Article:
August 29, 2008
What a day!
I walked the 1.5 km into town in the morning to do some souvenir shopping and to call home from one of the stores that has phone booths that you can make very reasonable calls (25 cents/minute) to the United States. It was great to talk to my family from so far away.
After lunch I decided to once again try to reach the cliffs along the shore. I estimated that the distance is about 2.5 km from the Station.
Walking on the wave tossed and rounded volcanic rock in the surf zone was very difficult. There were almost no horizontal surfaces to step on. The rocks are very unstable and can move/roll very easily when stepped upon. Above the surf zone the rocks are all angular, jagged, very sharp, and vesicular. The vegetation beyond the surf zone is dominated by cactus. Every step that I took had to be well planned and tested before I put my full weight down - a walking stick that I picked up became an essential tool to keep me from falling. I had to concentrate on walking so much that I had to stop every so often just to look around and see where I was going and to take in the incredible the scenery. My ankles were twisted and turned in every possible direction - the angular and rotational limits of my ankles were severely tested!
I had estimated that it would only take me about 40 minutes to make it to the cliffs. Given a normal hiking experience this would be correct. Because of the difficult terrain and stops to look around it took me an hour and a half to reach my destination. It was more than worth the effort. As I got closer to the cliffs it was apparent that the face of one of the cliffs was eventually going to fall into the sea. There was a large fissure that marked where the cliff face had separated from island and the face itself was angled slightly towards the sea. I climbed out onto the top of the tilted cliff face and sat down facing the sea just to watch and listen to the waves as they crashed violently into the base of the cliffs, often sending water shooting into the air 30 or more feet. I sat there for about 15 minutes, just watching and listening. The sound of the crashing waves was incredible. While sitting there a Brown Pelican landed about 3 meters from me, glanced my way, and then a couple of minutes later took off and soared along the base of the cliffs. I hiked further along the cliffs - not as far as I wanted to - I needed to start back because dusk is at 6:00 every day this close to the equator and I did not want to be walking in this rough terrain in fading light and darkness. I also wanted to explore some of the things that I had seen on my way there.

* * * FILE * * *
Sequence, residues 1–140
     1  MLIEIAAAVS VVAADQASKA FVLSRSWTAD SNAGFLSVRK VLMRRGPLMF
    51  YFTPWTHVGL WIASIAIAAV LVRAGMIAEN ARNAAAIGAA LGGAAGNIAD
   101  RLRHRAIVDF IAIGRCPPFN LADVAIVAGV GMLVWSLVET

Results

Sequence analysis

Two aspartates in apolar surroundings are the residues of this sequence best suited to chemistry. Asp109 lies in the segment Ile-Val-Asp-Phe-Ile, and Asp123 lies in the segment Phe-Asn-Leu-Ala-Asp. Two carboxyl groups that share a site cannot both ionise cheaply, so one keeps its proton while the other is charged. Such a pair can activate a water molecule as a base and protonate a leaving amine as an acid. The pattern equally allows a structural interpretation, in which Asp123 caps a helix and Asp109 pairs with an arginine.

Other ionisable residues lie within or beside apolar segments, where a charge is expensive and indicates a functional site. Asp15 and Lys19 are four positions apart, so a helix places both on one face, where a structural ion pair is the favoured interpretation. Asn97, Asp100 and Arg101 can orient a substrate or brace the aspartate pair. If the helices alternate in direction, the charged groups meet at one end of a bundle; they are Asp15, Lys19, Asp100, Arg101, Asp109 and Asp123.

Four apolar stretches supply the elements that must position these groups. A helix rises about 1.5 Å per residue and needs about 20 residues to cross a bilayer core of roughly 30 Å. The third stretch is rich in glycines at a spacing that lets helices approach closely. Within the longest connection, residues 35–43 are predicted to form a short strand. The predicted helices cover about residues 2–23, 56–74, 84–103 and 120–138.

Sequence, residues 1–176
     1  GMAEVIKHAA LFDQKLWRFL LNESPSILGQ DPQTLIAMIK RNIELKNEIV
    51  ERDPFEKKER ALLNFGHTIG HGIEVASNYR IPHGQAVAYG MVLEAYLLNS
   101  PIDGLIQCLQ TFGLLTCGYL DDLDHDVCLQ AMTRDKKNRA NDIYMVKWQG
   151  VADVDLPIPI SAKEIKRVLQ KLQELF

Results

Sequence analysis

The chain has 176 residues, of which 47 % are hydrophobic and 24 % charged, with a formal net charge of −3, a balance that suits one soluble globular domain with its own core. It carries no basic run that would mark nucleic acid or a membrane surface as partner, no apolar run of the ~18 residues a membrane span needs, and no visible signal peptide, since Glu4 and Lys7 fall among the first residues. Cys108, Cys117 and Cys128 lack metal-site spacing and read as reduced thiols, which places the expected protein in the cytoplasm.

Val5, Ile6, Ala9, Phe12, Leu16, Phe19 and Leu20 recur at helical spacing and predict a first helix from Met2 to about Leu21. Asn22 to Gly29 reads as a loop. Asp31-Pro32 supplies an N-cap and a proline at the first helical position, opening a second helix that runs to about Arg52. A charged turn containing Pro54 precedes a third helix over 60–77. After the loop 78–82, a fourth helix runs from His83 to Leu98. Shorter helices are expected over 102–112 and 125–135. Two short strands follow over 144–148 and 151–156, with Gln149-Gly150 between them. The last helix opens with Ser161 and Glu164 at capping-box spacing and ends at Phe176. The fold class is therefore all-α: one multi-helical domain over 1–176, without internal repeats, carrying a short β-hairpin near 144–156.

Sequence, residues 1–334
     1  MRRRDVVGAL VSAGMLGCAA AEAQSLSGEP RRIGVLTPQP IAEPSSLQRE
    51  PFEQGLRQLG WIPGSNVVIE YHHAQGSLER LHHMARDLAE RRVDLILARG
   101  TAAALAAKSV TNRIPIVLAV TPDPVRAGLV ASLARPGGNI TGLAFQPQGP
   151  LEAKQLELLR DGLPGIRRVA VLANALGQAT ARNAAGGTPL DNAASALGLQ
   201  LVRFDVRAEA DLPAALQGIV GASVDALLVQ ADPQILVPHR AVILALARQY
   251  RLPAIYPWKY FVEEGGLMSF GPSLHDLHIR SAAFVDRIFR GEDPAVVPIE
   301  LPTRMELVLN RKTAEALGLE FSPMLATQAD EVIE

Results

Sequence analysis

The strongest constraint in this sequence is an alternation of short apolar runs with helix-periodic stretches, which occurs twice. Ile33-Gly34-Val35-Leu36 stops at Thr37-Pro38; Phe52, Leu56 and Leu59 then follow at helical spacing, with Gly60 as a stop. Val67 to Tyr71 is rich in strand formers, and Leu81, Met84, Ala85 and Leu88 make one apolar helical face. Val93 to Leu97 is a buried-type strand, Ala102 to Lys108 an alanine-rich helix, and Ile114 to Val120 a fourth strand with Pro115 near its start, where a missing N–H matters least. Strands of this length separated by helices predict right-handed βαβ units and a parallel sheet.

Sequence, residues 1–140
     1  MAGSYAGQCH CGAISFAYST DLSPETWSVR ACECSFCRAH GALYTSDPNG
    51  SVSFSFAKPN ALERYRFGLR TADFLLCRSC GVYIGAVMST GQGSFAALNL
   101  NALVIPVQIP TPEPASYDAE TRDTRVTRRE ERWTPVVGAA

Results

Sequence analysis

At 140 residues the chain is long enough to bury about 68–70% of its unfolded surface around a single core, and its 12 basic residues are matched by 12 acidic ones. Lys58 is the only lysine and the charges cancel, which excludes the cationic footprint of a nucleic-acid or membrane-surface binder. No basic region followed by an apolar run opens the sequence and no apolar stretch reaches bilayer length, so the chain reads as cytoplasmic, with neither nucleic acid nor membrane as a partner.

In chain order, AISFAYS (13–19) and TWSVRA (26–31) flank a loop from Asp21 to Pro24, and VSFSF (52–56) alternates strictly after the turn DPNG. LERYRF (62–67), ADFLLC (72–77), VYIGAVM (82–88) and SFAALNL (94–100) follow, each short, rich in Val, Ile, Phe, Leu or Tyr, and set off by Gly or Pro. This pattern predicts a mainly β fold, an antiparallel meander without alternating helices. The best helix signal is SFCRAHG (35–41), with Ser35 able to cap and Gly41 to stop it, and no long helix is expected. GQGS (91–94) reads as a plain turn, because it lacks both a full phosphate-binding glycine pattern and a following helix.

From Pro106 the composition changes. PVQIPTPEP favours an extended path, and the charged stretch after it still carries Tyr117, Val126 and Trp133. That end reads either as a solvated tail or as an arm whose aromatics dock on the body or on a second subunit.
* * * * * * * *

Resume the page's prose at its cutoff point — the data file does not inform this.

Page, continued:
On the way back to the Station I climbed, skirted, and walked around a large rock; on the other side of the rock was a Blue Footed Booby grooming itself. It stared at me for a few seconds and then went back to its grooming. I sat down about 2 meters from it and just watched its grooming for about 15 minutes; it seemed to be totally unconcerned with my presence. Its feet were a wonderful bright blue. As I continued my return journey I was able to observe Marine Iguanas. I saw how they expel excess salt from their bodies by blowing it out of their nostrils. It is amusing to watch them; when they expel the salt they make a snorting sound and the salt shoots out of their noses. In the shallows I saw several Iguanas feeding on algae and swimming with their powerful tails. The iguanas warming themselves on the rocks after feeding in the cold water would wait until almost the last moment before scurrying out of the way before I stepped on them; I could even reach out and touch them In the tide pools I saw beautiful purple fish darting from rock to rock and chasing each other for the best cover spots.
I made it back to my dorm room mostly in one piece - a few scrapes, a couple small cuts, sore muscles and ankles were a small price to pay for such a great adventure. It was an amazing experience.
After a quick shower and change of clothes I walked into town with Phillip and had dinner. Back at my room it did not take long before I was asleep.